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Congratulations Sir John, our Friend in Shetland

Thu, 16 Jun 2011

Her Majesty The Queen is now aware of what we in the International Island Games Association have known for quite a while.  By honouring the Lord Lieutenant of Shetland, John Scott, with a knighthood the Queen has acknowledged his position as Her Representative.  But not only that, Sir John was the Chairman of the Organising Committee for the NatWest Island Games 2005 in Shetland.  He took the idea for our Games to his heart and supported them from the very first day.  With genuine passion for international cooperation and competition John Scott and his Committee organisied a truly great Games on the smallest of our Host Islands.  And they did it for the right reasons - to show themselves and the world that anything is possible as long as you do it together.  John Scott was the man that kept everything together.

On behalf of the Member Islands of the International Island Games Association I congratulate Sir Jon on his new title!

Jorgen Pettersson

IIGA Chairman


Below is the article that appreared in the Shetland times on June 11 by their reporter Rosalind Griffins:


Lord Lieutenant of Shetland John Scott has been knighted in the Queen's Birthday Honours List.  Sir John, as he will now be known, was honoured thanks to his role as Lord Lieutenant, the Queen's representative in Shetland.  He is now a Knight Commander of the Victorian Order (KCVO), a personal honour bestowed by the Queen rather than a political honour, which would go through the Prime Minister.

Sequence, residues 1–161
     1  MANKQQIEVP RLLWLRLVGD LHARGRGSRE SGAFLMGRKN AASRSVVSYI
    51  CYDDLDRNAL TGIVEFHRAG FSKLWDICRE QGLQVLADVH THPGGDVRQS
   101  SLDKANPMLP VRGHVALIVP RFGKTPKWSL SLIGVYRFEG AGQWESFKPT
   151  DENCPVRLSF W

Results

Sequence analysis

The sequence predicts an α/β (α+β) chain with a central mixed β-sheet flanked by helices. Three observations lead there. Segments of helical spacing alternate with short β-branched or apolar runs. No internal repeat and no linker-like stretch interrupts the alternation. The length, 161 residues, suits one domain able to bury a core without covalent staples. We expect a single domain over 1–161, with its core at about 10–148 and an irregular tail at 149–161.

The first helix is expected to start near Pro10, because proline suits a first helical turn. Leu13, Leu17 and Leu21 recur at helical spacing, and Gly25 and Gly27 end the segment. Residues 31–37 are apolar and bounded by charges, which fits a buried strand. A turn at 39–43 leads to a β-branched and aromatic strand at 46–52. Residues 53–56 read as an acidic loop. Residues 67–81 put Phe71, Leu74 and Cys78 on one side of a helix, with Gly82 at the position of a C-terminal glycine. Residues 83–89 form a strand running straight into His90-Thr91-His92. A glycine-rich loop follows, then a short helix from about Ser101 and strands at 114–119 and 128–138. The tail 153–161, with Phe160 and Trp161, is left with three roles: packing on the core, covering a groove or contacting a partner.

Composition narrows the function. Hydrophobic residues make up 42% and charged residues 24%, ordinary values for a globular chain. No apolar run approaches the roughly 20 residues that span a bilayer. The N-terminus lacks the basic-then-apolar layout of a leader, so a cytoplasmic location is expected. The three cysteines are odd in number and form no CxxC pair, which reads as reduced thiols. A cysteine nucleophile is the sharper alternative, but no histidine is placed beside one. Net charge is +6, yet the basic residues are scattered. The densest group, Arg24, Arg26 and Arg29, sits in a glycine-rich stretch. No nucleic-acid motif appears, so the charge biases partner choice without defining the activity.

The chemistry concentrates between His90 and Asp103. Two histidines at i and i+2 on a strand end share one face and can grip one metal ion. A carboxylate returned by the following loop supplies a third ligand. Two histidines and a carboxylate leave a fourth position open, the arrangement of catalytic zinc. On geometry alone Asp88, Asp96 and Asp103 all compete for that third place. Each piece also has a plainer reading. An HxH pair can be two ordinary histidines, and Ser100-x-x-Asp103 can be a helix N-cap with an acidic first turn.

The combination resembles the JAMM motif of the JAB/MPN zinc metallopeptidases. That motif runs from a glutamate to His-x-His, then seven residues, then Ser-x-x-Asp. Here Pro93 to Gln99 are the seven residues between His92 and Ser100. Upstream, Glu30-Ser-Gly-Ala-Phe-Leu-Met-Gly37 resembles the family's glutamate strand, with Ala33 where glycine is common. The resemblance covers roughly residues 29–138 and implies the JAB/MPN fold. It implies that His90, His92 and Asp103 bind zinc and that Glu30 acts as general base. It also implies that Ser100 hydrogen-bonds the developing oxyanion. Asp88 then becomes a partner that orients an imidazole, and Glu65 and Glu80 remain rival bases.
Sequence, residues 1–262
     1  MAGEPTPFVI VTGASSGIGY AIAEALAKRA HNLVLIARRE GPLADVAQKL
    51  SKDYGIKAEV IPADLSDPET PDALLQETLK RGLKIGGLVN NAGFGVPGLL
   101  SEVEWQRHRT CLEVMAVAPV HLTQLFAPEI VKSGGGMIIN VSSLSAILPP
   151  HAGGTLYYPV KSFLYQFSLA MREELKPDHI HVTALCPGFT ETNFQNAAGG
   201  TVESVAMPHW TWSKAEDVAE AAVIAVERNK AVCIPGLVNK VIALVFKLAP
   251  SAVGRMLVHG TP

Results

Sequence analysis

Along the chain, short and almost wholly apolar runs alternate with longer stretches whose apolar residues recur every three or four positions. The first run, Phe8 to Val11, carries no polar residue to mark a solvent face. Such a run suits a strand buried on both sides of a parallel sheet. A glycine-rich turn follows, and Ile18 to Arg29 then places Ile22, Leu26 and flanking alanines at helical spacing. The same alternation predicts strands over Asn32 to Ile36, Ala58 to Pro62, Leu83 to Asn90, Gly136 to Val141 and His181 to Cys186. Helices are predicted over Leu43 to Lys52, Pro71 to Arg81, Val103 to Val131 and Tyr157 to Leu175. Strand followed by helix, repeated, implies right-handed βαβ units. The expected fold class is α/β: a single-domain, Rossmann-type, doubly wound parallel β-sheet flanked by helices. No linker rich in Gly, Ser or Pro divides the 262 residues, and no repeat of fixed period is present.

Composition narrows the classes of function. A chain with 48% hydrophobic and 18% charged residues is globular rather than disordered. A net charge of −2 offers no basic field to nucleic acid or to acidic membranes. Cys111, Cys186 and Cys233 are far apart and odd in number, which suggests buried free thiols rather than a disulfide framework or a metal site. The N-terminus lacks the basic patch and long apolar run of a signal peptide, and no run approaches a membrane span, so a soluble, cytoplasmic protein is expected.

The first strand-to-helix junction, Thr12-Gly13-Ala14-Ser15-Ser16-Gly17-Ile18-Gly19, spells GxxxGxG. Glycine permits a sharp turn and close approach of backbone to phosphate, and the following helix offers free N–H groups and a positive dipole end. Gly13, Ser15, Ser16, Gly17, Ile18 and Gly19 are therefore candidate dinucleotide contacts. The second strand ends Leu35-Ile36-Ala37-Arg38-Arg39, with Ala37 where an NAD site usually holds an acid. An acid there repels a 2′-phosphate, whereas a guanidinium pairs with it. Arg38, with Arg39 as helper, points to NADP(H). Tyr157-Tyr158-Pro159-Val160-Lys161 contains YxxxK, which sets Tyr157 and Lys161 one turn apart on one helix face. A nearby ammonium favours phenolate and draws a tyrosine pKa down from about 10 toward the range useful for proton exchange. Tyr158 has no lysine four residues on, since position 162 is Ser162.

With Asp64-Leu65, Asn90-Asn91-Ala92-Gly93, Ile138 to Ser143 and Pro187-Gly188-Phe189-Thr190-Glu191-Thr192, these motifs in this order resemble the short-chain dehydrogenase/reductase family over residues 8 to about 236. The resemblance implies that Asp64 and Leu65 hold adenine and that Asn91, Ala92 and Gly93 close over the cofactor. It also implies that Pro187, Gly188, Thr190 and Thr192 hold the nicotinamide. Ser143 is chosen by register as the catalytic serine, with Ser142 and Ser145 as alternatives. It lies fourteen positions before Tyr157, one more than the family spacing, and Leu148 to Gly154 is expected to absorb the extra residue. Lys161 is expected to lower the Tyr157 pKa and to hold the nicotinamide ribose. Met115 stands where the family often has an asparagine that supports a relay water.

Sir John said: "I'm a bit amazed and very pleased.  As well as a personal honour it's something I share with Shetland."

The honour is the only one to be given to anyone in the isles and the only KCVO in Scotland.

Sir John, who lives in Bressay, has been Lord Lieutenant of Shetland since 1994 and will hold that role until his 75th birthday on 30th November.  As Lord Lieutenant he has to attend official functions such as Rememberance Sunday, organise royal visits and, importantly, go to all citizenship ceremonies.  On these occasions he wears his ceremonial garb, complete with sword, and welcomes the new citizens to Shetland.

Being knighted does not carry any particular responsibilities, he said, and is keen to be simply know as "John".